During the fourth stage, the results from the LCA are interpreted based on the stated goal and scope and opportunities for reducing the negative effects of the product on the environment are examined. You must ensure that your deductions are well-substantiated to have a satisfactory outcome, so check whether the data and procedures you used to support your conclusion can be trusted.
The Results of The LCA Are Used to Produce the EPD
Your LCA results can help you devise a sustainability strategy to create long-term benefits for the organization while being mindful of preserving and protecting resources. LCA data can be used to create the Environmental Protection Declaration (EPD), which helps you demonstrate your company’s commitment to transparency. The EPD is a descriptive summary that covers the entire lifecycle of a product, from material extraction to final disposal, encouraging the design of buildings with a light environmental load. As we all know, emissions arise from the manufacturing and processing of building materials, so achieving climate neutrality goals involves reducing immediate and deep emissions across the building lifecycle.
Once the LCA is ready, the EPD can be created by the manufacturer or the external LCA specialist using dedicated software. The Swedish Environmental Protection Agency (Naturvårdsverket) created what later became the International EDP System in 1998. Interest from different countries has increased over the years, so it doesn’t come as a surprise that EPDs are registered in more than 45 countries. The EPD is voluntary, which translates into the fact that no one will oblige you to write it or check EPDs for the products you sell. So, why publish one? Because producing documented and certified proof of the environmental performance of your products gives you a competitive advantage and helps improve supply chain management.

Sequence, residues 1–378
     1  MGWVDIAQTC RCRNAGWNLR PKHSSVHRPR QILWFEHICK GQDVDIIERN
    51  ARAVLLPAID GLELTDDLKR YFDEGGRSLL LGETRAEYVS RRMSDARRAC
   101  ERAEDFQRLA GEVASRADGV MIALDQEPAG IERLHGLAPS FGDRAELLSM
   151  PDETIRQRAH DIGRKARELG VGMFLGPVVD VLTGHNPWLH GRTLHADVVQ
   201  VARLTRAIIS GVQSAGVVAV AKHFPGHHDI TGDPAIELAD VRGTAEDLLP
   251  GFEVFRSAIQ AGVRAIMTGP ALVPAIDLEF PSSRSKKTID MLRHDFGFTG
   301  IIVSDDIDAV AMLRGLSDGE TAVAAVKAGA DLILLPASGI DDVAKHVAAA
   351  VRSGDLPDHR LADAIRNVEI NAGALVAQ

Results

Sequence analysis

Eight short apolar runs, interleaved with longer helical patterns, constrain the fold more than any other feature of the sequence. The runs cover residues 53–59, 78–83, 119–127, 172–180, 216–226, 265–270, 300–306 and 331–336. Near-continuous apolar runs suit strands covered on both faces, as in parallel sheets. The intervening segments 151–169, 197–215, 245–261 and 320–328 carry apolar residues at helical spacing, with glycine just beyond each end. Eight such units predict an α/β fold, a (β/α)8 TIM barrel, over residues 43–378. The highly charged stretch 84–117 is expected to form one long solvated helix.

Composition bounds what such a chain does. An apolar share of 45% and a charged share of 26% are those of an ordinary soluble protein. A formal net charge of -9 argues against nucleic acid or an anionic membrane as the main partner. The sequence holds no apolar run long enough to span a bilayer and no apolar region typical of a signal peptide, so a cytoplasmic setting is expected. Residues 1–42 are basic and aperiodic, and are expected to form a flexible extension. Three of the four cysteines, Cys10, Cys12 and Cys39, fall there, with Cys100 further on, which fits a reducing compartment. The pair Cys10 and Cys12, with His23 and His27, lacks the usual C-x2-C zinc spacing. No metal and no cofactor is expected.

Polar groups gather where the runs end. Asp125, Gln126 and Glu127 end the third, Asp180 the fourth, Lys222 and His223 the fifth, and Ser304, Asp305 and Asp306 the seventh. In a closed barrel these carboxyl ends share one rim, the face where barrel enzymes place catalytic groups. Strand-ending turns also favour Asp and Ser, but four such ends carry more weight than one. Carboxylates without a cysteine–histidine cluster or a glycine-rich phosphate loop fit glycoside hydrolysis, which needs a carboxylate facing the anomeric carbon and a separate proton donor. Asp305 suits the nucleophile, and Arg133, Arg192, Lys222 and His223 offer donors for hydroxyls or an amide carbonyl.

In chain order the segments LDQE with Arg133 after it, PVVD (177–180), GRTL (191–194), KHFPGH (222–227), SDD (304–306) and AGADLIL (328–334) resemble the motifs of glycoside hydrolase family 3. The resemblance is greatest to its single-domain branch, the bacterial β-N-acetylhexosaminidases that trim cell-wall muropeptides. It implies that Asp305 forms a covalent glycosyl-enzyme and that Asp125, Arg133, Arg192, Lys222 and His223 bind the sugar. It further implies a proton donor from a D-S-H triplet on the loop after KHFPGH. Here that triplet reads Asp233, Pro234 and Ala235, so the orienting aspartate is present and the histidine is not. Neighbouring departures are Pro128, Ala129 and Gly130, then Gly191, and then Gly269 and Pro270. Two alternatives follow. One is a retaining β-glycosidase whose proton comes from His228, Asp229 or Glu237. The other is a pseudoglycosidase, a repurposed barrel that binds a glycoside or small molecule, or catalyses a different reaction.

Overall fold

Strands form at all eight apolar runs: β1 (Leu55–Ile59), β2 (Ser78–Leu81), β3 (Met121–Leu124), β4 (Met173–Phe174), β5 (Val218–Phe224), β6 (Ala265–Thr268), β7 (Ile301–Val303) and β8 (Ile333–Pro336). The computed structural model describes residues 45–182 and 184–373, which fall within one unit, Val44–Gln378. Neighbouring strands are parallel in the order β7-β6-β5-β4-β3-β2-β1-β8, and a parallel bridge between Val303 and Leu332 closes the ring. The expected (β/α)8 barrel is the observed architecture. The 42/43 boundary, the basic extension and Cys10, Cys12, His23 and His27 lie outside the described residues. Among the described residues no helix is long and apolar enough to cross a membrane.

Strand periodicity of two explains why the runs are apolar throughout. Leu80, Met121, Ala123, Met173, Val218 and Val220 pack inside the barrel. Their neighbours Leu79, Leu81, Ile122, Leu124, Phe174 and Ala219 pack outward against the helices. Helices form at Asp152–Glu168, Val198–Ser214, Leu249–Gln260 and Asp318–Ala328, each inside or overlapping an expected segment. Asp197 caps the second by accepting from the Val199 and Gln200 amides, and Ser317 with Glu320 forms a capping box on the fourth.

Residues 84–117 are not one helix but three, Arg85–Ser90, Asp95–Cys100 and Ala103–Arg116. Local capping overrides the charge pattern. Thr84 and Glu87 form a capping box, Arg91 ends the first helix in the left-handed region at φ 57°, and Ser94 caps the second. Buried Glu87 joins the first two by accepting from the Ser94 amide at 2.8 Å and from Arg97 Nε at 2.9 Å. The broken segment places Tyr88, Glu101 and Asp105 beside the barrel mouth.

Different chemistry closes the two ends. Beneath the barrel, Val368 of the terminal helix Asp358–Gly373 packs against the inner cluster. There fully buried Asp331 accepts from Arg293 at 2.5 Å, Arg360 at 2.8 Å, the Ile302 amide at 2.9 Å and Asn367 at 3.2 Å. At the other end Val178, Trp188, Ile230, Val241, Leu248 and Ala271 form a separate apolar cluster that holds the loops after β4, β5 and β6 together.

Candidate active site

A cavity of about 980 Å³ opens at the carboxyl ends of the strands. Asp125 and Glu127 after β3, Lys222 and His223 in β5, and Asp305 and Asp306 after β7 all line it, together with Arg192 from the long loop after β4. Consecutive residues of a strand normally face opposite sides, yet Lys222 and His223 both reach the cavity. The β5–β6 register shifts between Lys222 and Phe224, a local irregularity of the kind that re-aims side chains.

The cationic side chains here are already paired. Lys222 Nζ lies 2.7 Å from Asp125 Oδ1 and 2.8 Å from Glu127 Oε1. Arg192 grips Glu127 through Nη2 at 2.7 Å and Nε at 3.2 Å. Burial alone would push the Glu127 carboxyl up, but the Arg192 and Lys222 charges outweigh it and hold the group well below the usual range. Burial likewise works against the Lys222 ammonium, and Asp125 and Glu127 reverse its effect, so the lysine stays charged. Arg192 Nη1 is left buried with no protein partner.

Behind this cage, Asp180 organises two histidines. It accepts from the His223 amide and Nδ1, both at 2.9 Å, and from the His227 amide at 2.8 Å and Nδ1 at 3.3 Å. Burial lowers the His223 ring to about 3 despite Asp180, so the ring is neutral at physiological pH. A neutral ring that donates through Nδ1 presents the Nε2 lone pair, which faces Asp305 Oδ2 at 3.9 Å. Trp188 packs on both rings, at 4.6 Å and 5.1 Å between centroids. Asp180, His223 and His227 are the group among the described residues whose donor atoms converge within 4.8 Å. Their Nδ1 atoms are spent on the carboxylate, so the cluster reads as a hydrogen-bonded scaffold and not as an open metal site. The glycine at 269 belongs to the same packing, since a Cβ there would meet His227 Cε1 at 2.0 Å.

Is There Any Difference Between the LCA And EPD?
Both the LCA and the EPD make available reliable information on the environmental impact of a product throughout its life cycle. Nevertheless, there are notable differences between the two. The EPD can be described as the short version of the LCA, as it’s simpler to read and understand. The data is already characterized. The LCA report contains sensitive company data you don’t want to disclose, such as the product’s exact recipe or detailed information about the production process. You can share the EPD with stakeholders; your behavior won’t be considered anti-competitive. The EPD will be verified in accordance with the International Standard ISO 14025, which establishes the principles and establishes procedures for developing Type III environmental declaration programs.
Using an LCA, you can identify the areas of an end-to-end product life cycle that offer opportunities for additional value creation, such as improved brand identity. By rigorously examining each step in the life cycle, you can assess the environmental impacts of your business decisions. Have a full LCA report before you create an EPD. The draft EPD document can be created in parallel with the LCA report.